Conservation Incentive Contracts offer producers an annual incentive payment to implement new management practices and monitoring activities to help manage, maintain and improve natural resources. Some examples of approved management practices include irrigation water management, drainage water management, feed management, and residue and tillage management. The practices are aimed at combating key concerns, such as degraded soil and water quality, available water and soil erosion. The duration of the Conservation Incentive Grant is five years. The 2018 Farm Bill created the new Conservation Incentive Contract option, and it was piloted in 2021 in four states. The new announcement opens it up nationwide. While the NRCS accepts applications for conservation programs year around, each state may have different sign-up dates. To apply, visit your local NRCS office to learn about the requirements and deadlines for your state.
Conservation Stewardship Program (CSP) Re-Enrollment Option
In previous years, if a CSP participant did not re-enroll the year their contract expired, they were ineligible for the program for two years. This includes growers who tried to re-enroll but the renewal was not granted due to lack of CSP funds. This new update allows a grower to immediately re-enroll in the program following an unfunded application to renew an existing contract. In other words, USDA is now waiving this two-year ineligibility restriction for all CSP applications.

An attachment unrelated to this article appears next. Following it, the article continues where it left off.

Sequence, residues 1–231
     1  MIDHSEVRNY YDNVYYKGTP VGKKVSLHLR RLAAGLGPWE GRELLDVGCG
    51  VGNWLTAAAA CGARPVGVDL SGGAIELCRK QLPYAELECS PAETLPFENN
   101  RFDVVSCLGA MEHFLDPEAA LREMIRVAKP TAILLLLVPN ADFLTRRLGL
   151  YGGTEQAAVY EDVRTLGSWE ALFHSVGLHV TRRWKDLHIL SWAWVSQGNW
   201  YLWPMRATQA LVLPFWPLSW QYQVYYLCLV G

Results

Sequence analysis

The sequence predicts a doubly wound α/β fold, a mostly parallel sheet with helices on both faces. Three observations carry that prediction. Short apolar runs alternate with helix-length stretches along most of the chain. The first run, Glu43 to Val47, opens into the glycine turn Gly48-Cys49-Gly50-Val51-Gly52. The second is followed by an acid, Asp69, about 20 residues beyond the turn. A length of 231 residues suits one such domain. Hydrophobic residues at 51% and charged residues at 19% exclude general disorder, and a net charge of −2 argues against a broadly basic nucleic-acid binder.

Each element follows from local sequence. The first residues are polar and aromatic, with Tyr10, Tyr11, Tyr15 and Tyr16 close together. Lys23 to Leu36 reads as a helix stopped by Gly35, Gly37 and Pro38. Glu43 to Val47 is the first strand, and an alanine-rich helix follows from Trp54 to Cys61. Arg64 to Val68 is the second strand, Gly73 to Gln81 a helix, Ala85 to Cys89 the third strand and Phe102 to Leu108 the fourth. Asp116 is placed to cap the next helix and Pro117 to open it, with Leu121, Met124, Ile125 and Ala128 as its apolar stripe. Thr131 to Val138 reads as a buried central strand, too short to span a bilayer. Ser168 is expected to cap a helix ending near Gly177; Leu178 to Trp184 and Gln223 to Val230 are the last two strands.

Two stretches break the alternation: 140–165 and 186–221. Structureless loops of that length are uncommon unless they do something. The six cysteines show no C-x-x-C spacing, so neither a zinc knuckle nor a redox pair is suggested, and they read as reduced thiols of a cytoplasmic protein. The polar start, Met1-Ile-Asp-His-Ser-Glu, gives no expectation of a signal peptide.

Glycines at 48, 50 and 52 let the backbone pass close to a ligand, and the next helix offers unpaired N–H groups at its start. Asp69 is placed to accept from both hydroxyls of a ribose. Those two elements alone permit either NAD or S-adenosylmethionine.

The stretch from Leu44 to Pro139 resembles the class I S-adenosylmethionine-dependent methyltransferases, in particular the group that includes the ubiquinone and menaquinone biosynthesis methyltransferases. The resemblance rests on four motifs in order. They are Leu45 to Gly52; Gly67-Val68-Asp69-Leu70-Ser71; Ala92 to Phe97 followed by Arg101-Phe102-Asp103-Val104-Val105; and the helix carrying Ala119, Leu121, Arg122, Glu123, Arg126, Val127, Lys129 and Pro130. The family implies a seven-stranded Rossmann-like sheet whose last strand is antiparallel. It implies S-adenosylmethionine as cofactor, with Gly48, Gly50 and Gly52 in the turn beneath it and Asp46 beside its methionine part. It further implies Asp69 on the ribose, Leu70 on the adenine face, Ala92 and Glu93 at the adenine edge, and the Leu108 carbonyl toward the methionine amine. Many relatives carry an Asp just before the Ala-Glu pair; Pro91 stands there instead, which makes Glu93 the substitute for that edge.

Post Application Coverage Endorsement
USDA’s Risk Management Agency (RMA) announced a new option for insurance coverage, the Post Application Coverage Endorsement, for producers who split apply fertilizer on corn. When farmers split apply their nitrogen, they are helping the environment by preventing run-off and leaching into waterways and ground water, and helping their pocket book as well. PACE provides payments for the projected yield lost when producers are unable to make their nitrogen applications during the V3-V10 corn growth stages due to field conditions created by weather. PACE is only offered in select counties in 11 states: Illinois, Indiana, Iowa, Kansas, Michigan, Minnesota, Nebraska, North Dakota, Ohio, South Dakota, and Wisconsin. The deadline to apply is March 15, 2022. A list of available crop insurance agents can be accessed at www.rma.usda.gov.